Practice Relating to Rule 80. Booby-Traps
The Russian Federation’s Military Manual (1990) prohibits the use of weapons that are by nature indiscriminate. It refers to the 1980 Protocol II to the Convention on Certain Conventional Weapons.
The Russian Federation’s Regulations on the Application of IHL (2001) states:
The following shall be prohibited to use in the course of combat operations:
- mines, booby-traps or other devices specially designed to detonate the munition by the presence of mine detectors as a result of their magnetic or other non-contact influence during normal use in detection operations;
- booby-traps which are placed outside a military objective and in any way attached to, or associated with: the internationally recognized protective emblems (signs or signals); sick, wounded persons or dead bodies; burial or cremation sites, graves; medical facilities, equipment, supplies or transport; children’s toys or objects specially designed for children; food or drink; kitchen utensils or appliances (except those in military units); objects of a clearly religious nature; historic monuments, works of art or places of worship; animals or their carcasses;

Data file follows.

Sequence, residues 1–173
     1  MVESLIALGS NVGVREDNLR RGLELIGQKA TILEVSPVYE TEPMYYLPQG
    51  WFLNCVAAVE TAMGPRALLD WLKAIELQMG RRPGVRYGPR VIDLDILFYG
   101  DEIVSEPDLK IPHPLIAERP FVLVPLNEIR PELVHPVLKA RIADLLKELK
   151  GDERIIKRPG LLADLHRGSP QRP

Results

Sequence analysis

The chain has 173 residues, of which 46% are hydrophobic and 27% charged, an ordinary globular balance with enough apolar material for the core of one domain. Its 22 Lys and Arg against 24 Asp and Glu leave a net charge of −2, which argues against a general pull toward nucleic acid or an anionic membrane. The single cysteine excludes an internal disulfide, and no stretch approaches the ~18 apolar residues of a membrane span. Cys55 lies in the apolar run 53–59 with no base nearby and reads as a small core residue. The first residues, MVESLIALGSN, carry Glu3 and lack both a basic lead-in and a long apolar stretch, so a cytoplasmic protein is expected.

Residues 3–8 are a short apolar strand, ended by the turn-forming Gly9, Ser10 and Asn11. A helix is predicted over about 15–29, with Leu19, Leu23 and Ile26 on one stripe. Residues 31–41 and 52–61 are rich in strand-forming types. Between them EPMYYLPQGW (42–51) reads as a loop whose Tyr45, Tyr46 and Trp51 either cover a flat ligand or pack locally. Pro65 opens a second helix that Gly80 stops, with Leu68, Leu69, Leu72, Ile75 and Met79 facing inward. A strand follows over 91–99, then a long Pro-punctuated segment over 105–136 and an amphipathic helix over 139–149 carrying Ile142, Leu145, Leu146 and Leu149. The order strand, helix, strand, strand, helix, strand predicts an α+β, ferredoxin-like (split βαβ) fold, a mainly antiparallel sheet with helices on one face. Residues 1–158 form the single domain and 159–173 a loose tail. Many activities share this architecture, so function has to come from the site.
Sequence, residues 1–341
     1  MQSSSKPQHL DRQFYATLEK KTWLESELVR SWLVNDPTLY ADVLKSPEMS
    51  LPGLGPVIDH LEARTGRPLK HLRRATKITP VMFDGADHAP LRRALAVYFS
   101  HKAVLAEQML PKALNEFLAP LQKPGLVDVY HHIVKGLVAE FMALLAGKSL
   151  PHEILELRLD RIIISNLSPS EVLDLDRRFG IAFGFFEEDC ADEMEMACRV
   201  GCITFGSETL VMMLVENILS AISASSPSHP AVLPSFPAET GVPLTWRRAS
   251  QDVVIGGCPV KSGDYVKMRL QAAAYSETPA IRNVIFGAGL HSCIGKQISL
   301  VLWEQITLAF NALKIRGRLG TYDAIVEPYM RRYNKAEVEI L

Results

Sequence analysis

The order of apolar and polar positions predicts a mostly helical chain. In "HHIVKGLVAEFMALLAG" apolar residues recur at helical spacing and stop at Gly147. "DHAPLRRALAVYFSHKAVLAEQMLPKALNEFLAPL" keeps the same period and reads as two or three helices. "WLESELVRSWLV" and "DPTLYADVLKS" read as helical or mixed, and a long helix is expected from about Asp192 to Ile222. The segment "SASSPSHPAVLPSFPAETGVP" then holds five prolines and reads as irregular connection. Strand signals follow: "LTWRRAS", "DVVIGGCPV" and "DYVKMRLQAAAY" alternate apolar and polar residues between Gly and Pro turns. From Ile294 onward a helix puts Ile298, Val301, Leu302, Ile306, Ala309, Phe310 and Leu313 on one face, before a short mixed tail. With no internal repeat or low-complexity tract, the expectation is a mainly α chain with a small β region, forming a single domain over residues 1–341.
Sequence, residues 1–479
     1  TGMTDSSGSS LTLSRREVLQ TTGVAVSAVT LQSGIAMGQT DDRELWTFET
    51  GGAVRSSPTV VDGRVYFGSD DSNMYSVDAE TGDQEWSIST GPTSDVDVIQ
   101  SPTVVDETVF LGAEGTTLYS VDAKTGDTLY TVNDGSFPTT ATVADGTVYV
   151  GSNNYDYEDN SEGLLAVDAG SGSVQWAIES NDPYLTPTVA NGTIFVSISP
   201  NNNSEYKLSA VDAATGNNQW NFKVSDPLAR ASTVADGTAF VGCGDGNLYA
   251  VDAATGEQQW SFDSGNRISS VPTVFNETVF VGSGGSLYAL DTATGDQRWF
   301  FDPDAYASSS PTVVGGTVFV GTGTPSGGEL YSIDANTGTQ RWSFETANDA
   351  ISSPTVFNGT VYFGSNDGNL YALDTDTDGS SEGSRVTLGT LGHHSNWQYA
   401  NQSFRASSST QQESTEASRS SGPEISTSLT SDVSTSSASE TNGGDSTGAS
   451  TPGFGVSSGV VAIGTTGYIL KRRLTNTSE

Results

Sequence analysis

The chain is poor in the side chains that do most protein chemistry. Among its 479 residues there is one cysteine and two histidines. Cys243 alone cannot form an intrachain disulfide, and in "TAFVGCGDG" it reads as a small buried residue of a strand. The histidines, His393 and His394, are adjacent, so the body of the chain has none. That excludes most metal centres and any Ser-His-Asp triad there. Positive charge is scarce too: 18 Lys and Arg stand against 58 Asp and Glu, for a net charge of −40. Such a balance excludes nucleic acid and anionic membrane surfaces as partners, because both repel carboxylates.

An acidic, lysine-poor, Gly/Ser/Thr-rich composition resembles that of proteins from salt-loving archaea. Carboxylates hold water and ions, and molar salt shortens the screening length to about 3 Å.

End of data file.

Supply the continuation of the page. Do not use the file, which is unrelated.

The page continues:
- self-made booby-traps in the form of apparently harmless objects.
At the International Conference on the Protection of Victims of War in Geneva in 1993, the Russian Federation declared that, in order to protect the civilian population against indiscriminate weapons, booby-traps should be completely banned in internal conflicts.